The first-ever play in Griqua-Afrikaans will premiere at the annual Macufe Arts Festival in Mangaung (Bloemfontein) in October, thanks to a grant from the Arts & Culture Trust (ACT).
Maagmeisie, using Griqua actors and displaying the unique and relatively unknown language, culture and traditions of the Griqua people, is one of 23 projects in 12 disciplines that received money in ACTís latest funding cycle, which will see a total of R1.2 million distributed.
Committed to the upliftment of communities through the arts, ACT receives funds from founding partner Nedbank, with money donated dependent on turnover by clients: the more Nedbank Arts clients use their Nedbank Arts affinity accounts, the more the trust receives. Nedbank has made a significant contribution to the R6-million disbursed by ACT since its inception. In addition, Nedbank and fellow founding partner, the Royal Netherlands Embassy, each donated R500 000 to the June 2003 funding cycle.
In conception, execution and outcomes, Maagmeisie accords with the trustís credo: ACT is inspired to open the hearts and minds of all South Africans to nurture the rich diversity of arts, culture and heritage in South Africa by supporting creativity, fostering understanding and enhancing the quality of life of all our people.
The production aims to promote the neglected and under-appreciated Griqua cultural heritage and further the use of Griqua-Afrikaans. It is situated in the drama department of the University of the Free State in Bloemfontein, and directed by Professor Nicolaas Luwes, head of the department. Luwes has vast experience in the theatre, having written 23 plays and directed 26 for, among others, the department, the former Performing Arts Council of the Orange Free State, the former Performing Arts Council of the Transvaal, the Klein Karoo National Arts Festival and the Aardklop National Arts Festival.
Based on the verse drama Maagmeisie by Thomas Deacon (Protea Boekhuis), the play tells the story of the initiation into adulthood of a Griqua virgin. For two weeks, the maagmeisie is isolated, her body covered in ochre, buchu and antelope manure representing life, death and good, with the medicinal buchu plant betokening also power for the future. The drama builds into a love story between the young woman and her suitor, Abrahamsram, with the dialogue between them exerting a charm in Griqua-Afrikaans that has been compared to that of Boerneef in Afrikaans.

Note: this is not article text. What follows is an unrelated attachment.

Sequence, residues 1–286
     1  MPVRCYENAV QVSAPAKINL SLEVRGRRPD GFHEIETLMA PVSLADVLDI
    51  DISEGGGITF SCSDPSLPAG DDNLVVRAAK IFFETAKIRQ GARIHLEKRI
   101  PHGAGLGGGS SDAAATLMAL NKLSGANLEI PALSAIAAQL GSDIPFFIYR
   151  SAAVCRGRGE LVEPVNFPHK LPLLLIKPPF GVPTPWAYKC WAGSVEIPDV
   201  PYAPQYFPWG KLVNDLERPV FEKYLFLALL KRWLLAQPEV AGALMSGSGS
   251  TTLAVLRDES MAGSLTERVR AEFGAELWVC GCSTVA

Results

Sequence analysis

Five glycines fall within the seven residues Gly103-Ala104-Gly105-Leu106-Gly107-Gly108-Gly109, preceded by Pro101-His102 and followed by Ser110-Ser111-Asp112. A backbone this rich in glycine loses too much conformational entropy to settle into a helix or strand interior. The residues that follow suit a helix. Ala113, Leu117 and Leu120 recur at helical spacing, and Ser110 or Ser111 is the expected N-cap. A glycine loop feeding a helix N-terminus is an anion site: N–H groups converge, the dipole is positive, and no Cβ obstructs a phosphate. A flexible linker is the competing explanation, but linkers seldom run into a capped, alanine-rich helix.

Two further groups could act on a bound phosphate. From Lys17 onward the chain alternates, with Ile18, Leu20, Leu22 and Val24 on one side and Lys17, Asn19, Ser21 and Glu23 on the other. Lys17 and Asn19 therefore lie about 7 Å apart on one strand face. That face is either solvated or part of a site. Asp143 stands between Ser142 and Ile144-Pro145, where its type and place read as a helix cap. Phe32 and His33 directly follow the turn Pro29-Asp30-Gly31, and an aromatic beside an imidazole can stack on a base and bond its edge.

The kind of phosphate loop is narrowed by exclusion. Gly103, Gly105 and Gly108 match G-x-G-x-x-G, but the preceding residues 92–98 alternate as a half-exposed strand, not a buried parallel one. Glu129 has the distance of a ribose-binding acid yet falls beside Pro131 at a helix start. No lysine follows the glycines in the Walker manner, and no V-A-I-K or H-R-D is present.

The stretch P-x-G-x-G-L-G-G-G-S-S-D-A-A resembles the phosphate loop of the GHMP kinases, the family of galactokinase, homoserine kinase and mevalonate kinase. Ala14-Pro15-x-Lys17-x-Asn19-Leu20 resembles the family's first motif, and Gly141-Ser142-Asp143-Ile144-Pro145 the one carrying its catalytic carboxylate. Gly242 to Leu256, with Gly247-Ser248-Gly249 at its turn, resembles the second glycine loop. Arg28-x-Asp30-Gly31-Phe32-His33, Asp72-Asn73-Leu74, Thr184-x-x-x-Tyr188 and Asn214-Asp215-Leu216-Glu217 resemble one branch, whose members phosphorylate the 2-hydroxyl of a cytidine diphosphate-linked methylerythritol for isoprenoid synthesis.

Luwes says of Griqua-Afrikaans: The imagery is fantastic. It is a fascinating dialect, with interesting spelling and sentence construction. In its development, the language is moving close to standard Afrikaans.
To initiate the theatrical adaptation of Deaconís text, Luwes met Griqua chiefs in Cape Town, at the historically resonant old slave quarters next to Leeuwenhof. After the traditional leaders gave the project their blessing, Luwes enlisted the help of theologian Dr Willa Boesak, and set about casting the production. From Upington in the Northern Cape, Griqua people - not professional actors - were selected, and other cast members chosen in Kimberley and the Free State. Rounding off the cast was a Griqua youth leader from Bloemfontein.
The story unfolds through a narrator, the principal characters and singers, and the careful portrayal of ancient rituals. For the last aspect, the production has the services of a cultural advisor - a vital component in works that deal with South African cultures and indigenous systems of belief and knowledge. In portraying and hence promoting and preserving Griqua cultural heritage and the distinctive linguistic branch of Griqua-Afrikaans, this stage version of Maagmeisie is in line with ACTís nurturing of the diversity of South African cultures and heritage, and fostering understanding of those.
Importantly, the production meets a number of key new assessment criteria for ACT funding, namely job creation and creative skills, and, potentially, cultural exchange and cultural marketing. Eleven actors, a cultural advisor and director have work; the non-professional cast members will acquire most benefit from the artistic skills they will learn; and Luwes says that with financial support from the Government the play can be performed at the Conference of Indigenous Peoples in Geneva, Switzerland, in 2004.
The University of the Free State is also lending valuable input to the anthropological, musical and linguistic context of the play. There will be lectures on behaviour, rituals, music and language at the time of Maagmeisieís run at the Macufe Festival.
* ACT was launched in 1994, with initial founding partners Nedbank and Sun International each contributing R2-million in three yearly tranches. Subsequently, the founding partners were augmented by support from the then Department of Arts, Culture, Science and Technology (now the Department of Arts and Culture), which committed R1-million over three years to stimulate private-sector support for ACT, and broadcaster NNTV, now defunct, which pledged air-time worth R1-million to publicise the trust.
Currently, founding partner status is held by Nedbank, Sun International, the Royal Netherlands Embassy and Vodacom, each of which are represented on the ACT Board of Trustees .